Re: Not quite
Nonsence. Of the 100 commonest everyday words, 70 or so are Anglo-Saxon. Most of the rest are Norse. then come lots of Norman French, Latin and Greek as well as German etc. of course the N. European languages are closely related and overlapping. The various Celtic languages are scarcely represented apart fro place names. Latin and Greek tend to be used in technical, scientific and legal contexts. But the basics, with grammar simplified as Saxon and Scandinavian invaders and settlers mixed, are not French. food and art are heavily French and Italian.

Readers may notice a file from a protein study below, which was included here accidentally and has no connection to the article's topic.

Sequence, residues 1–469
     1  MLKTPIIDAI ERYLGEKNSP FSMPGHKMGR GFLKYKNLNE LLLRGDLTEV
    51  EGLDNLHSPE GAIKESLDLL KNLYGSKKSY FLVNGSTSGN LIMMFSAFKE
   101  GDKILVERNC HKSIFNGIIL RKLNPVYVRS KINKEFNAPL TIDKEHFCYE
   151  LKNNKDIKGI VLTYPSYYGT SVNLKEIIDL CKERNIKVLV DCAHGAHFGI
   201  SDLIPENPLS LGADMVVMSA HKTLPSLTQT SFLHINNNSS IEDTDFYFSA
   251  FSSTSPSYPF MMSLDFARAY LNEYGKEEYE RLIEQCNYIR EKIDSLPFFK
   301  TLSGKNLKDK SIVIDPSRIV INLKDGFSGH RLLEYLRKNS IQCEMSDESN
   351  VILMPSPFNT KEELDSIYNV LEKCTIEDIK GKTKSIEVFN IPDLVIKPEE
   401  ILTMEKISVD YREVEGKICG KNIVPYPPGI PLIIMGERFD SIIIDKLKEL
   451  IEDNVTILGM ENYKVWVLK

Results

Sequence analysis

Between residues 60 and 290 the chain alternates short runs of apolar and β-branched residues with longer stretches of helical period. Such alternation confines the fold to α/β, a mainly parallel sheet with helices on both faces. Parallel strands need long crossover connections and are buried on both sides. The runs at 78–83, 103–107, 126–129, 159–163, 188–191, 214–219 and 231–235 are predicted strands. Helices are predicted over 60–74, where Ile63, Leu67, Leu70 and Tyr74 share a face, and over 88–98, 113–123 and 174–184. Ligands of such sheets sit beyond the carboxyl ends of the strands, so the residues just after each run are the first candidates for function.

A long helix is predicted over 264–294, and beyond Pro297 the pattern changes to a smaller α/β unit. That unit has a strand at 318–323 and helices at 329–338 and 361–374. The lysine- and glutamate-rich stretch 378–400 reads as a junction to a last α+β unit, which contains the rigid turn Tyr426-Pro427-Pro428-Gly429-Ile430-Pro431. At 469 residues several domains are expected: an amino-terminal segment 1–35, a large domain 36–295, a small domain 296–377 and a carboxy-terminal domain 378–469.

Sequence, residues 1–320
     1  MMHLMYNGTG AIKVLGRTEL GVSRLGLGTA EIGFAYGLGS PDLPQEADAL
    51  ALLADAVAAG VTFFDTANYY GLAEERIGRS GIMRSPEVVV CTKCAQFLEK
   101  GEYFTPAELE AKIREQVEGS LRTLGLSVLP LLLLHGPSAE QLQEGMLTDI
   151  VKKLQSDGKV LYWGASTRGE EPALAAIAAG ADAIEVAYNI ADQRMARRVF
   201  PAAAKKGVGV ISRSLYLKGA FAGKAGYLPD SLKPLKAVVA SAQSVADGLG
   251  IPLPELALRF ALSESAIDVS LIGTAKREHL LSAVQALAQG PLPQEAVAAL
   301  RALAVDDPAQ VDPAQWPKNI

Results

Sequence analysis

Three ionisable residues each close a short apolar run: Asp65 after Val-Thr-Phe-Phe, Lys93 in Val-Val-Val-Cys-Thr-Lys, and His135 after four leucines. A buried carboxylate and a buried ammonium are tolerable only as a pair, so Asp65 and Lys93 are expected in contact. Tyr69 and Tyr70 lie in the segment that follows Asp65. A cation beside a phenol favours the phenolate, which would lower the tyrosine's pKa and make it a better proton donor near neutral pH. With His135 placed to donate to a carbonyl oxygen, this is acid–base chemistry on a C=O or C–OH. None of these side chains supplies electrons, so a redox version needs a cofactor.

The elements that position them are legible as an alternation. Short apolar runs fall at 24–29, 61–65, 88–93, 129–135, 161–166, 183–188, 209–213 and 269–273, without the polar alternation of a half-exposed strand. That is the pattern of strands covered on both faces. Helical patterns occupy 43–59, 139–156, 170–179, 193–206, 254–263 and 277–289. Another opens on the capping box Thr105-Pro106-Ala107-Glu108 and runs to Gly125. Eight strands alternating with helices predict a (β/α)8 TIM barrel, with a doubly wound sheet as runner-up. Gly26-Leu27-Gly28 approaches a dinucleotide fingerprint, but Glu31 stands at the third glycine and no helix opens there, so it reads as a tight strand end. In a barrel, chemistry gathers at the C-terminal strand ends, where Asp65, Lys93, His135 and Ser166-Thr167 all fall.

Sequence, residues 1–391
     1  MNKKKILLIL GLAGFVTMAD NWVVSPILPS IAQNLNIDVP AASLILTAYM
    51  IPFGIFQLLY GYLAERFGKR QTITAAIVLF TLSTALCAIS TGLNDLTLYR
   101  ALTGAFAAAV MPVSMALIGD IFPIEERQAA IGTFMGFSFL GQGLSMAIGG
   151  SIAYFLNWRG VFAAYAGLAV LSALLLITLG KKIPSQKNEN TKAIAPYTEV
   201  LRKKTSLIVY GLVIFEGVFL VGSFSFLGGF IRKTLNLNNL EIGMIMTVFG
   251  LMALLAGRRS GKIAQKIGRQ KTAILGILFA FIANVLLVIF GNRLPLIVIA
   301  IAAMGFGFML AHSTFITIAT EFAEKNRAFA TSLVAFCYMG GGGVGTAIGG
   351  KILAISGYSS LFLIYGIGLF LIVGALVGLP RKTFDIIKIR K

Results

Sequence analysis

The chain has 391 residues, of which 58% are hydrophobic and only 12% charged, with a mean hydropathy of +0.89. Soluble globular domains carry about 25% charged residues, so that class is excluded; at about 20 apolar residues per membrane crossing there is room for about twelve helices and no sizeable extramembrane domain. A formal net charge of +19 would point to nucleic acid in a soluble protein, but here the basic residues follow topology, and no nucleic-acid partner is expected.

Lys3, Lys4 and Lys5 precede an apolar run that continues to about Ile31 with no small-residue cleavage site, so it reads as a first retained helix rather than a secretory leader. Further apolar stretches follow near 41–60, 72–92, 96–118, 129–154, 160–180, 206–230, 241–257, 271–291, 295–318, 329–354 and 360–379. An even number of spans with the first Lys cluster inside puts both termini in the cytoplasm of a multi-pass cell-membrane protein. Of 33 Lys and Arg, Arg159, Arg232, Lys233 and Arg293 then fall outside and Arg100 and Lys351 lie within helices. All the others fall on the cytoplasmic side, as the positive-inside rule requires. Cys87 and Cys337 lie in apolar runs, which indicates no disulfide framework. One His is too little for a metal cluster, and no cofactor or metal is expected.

USA English vocabulary and grammar are strongly influenced by their main immigrant sources, such as ex slaves, East Europe and Yiddish, Hispanic languages and German, resulting in tendencies to new speech patterns, intonation and words as all the immigrants adapt English to their familiar patterns, with a curious retention of some archaic English and Irish forms through separation until modern times.